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More people on payroll in Northern Ireland, but employment levels still lower than pre-pandemic

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Ulster Bank chief economist Richard Ramsey

Ulster Bank chief economist Richard Ramsey

Ulster Bank chief economist Richard Ramsey

New statistics reveal that unemployment rates in Northern Ireland have decreased for the ninth month in a row, but a top economist has warned that the levels may be “falling for the wrong reasons”.

Chief economist for Northern Ireland at Ulster Bank, Richard Ramsey described the figures as “positive” which showed HMRC payroll data hit a record high for the sixth month running in November. 

“But worth noting that NI’s unemployment rate is falling for the wrong reasons. Employment rate decreased by 0.8pps (percentage points) to 70.4% while economic inactivity (those neither in work or looking for work) rose by 1.0pps to 26.9%.”

Mr Ramsey noted that the public sector was at an all-time high, but “private sector employment (563,120 jobs) was 0.8% below (-4,390 jobs) pre-pandemic levels”.

The latest data published by the Northern Ireland Statistics and Research Agency (Nisra) shows that the number of payrolled employees in NI is the highest on record and it is the sixth consecutive month that employee numbers have been above pre-Covid levels.

Earnings from the HMRC PAYE indicated that employees had an average monthly salary of £1,848 in November 2021, an increase of £68 over the year.

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There are around 44,500 people claiming benefits as of November, making up 4.5% of the workforce. This is 30% below the recent peak in May 2020, and 46% higher than the pre-pandemic count in March 2020.

The last year has also shown the lowest rolling 12-month total of proposed redundancies since 2014, with 2,280 redundancies proposed, 79% less than in the previous 12 months.

The end of November further saw the third consecutive quarterly increase in employee jobs driven by the services sector, with September 2021 estimates showing that employee jobs have almost returned to the pre-pandemic December 2019 level, and it marks the first annual increase since June 2020.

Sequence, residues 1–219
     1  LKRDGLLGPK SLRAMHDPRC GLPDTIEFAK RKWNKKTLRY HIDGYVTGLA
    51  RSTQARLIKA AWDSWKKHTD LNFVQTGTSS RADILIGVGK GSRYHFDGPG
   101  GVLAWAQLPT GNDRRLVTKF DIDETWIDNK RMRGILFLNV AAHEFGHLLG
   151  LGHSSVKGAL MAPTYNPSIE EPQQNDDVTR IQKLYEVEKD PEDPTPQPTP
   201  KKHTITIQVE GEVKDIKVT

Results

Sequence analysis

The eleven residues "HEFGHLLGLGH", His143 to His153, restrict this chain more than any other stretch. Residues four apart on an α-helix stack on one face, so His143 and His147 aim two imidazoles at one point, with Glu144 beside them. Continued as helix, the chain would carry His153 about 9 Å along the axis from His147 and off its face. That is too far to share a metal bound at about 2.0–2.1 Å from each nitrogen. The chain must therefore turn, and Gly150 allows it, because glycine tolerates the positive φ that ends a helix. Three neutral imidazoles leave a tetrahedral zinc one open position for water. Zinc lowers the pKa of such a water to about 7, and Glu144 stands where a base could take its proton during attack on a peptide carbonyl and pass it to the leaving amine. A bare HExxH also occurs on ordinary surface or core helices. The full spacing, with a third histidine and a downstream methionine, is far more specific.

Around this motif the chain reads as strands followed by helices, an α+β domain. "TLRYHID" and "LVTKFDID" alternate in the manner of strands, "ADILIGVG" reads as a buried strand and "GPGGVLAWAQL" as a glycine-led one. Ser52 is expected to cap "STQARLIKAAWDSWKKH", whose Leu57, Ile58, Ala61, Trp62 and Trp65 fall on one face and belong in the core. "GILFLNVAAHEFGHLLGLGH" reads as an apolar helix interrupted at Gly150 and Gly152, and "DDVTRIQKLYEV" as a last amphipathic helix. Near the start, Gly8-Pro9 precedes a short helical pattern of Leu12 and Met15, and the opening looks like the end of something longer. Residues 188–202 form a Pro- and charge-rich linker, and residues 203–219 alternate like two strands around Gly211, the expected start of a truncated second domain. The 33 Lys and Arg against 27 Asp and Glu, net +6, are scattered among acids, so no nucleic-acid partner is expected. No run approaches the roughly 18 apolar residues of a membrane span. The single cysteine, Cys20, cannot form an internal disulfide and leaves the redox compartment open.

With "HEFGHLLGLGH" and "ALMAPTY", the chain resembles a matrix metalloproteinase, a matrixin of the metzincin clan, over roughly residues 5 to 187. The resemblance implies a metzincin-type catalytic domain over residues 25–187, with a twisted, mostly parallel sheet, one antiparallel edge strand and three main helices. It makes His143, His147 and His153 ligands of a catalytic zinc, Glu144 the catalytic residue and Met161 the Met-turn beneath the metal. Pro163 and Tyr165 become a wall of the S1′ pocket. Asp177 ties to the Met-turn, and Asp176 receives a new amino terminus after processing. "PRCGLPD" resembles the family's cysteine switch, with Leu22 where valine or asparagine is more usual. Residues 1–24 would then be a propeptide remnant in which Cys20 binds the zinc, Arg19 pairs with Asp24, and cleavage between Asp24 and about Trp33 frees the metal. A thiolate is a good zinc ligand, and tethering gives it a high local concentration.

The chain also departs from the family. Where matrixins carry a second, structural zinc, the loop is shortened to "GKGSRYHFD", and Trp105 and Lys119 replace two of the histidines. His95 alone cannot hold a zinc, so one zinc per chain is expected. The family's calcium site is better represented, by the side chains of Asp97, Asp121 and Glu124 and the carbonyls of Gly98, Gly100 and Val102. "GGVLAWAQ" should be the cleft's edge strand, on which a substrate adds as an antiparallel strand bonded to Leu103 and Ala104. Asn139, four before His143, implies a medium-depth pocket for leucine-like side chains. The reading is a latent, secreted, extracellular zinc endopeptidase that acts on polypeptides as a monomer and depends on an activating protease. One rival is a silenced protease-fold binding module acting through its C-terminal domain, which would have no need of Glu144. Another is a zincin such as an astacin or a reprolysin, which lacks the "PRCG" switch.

All broad industry sectors apart from construction experienced an increase in employee jobs over the year to September 2021, with the services sector reporting the biggest annual increase of over 6,100 jobs.

The construction sector experienced a decrease of 5.4% (1,930 jobs) over the year to the same date.

Private sector and public sector jobs increased both over the quarter and the year, but as Mr Ramsey pointed out, private sector roles remain below pre-Covid levels.

The Labour Force Survey shows the total number of hours worked between August and October of this year as increased by 5.2%. Compared to the pre-pandemic levels in November to January 2020, the total number of hours worked in August to October was 3.6% below,

While payrolled employees and payroll earnings continue to be above the pre-pandemic level, and employee jobs almost returned to the pre-pandemic peak level in September, employment levels (which includes self-employed) and hours worked have yet to return to these pre-pandemic levels and similarly claimant count, unemployment and economic inactivity all remain above it.

More data from the Office of National Statistics (ONS) has shown that across the UK, the jobs market has strengthened further despite furlough ending as the number of payrolled workers jumped by a record 257,000 last month.

The official figures say there is "still no sign" that the closing of the furlough support scheme in September has affected the British jobs market, with the number of UK workers on payrolls rising by 0.9% between October and November to 29.4 million.


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